"I just feel like it shouldn't be the way we have to go. We're going away and representing the same flag that the All Blacks and stuff are, and we take far [fewer] rooms on the way back than they do. So I feel like we should be treated the same."
ESPN does not suggest the All Blacks did anything untoward to gain the MIQ lottery places at short notice, but Riddell's frustrations are clear. They echo those shared by surfer Paige Hareb and triathlete Hayden Wilde, and thousands of other Kiwis across the globe.
"All you can do is what we're doing now, which is to keep trying to bring some eyes to it and to create a little bit of public pressure. It helps us out but other athletes, too, there are other athletes in New Zealand that aren't MMA fighters that are from smaller sports and are having the same problems, too.
"Those guys unfortunately don't have the same platform social media wise to bring the attention to it, so we're doing it for them as well because they deserve the same treatment as they're representing that flag."
Riding a seven-fight win streak and undefeated through four bouts in the UFC to date, Riddell sits just outside the top 10 lightweight rankings in what is one of the deepest divisions in the promotion.
Fiziev is ranked a couple of spots lower, though Riddell sees the Dec. 5 showdown as being worthy of star billing regardless.
"In my opinion, Rafael is already worthy of top four, top five, he's a really good fighter everywhere," Riddell said. "I spent quite a lot of time with him [at Tiger Muai Thai] in Thailand, so me and Raf, it's a huge jump and it'll bring a lot of eyes to me as well.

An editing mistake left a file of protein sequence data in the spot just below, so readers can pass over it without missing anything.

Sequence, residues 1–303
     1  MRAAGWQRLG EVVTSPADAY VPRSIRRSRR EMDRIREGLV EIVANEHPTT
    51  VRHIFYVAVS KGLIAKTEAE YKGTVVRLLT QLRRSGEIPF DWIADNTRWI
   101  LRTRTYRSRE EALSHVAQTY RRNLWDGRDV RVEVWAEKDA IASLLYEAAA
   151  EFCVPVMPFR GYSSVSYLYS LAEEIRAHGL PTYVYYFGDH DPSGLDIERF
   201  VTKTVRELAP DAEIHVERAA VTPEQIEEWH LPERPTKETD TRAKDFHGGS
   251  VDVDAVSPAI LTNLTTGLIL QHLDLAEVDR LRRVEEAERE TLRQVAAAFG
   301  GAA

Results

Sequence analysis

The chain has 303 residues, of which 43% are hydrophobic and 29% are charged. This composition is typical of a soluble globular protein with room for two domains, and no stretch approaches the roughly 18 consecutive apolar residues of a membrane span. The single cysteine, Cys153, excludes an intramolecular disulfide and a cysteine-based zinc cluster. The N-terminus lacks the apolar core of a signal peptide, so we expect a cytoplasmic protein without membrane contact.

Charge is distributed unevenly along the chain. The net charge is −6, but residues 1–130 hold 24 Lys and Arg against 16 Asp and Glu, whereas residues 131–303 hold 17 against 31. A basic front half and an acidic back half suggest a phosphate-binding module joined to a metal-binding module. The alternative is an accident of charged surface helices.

"It's definitely not going to be an easy fight, it's gonna be a helluva war. But I'm definitely looking forward to it and he was the only option. I didn't go looking for Raf and he didn't go looking for me, there was literally nobody above us in the rankings who wanted to fight, they just wanted to wait and try and get someone higher ranked, so that's why me and my friend have ended up having a fight.
"He's good, obviously, he's very physical. He's aggressive, he's got some good power in that first round and is pretty dangerous. And he's pretty hard to take down from memory, I don't think he's been taken down in the UFC so far. Like all of them, you're got to be cautious, you've got to be careful, but I'm just going to bring my firepower in there and see how it goes."